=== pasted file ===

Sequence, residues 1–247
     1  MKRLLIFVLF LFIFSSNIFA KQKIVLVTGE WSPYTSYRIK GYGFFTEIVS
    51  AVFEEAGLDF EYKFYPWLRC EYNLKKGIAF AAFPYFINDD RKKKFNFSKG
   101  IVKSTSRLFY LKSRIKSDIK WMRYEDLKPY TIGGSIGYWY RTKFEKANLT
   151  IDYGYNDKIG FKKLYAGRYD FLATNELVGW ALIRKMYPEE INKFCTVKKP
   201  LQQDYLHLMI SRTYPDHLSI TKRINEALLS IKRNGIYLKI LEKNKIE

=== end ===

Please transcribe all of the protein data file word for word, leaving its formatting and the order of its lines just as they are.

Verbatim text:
Sequence, residues 1–247
     1  MKRLLIFVLF LFIFSSNIFA KQKIVLVTGE WSPYTSYRIK GYGFFTEIVS
    51  AVFEEAGLDF EYKFYPWLRC EYNLKKGIAF AAFPYFINDD RKKKFNFSKG
   101  IVKSTSRLFY LKSRIKSDIK WMRYEDLKPY TIGGSIGYWY RTKFEKANLT
   151  IDYGYNDKIG FKKLYAGRYD FLATNELVGW ALIRKMYPEE INKFCTVKKP
   201  LQQDYLHLMI SRTYPDHLSI TKRINEALLS IKRNGIYLKI LEKNKIE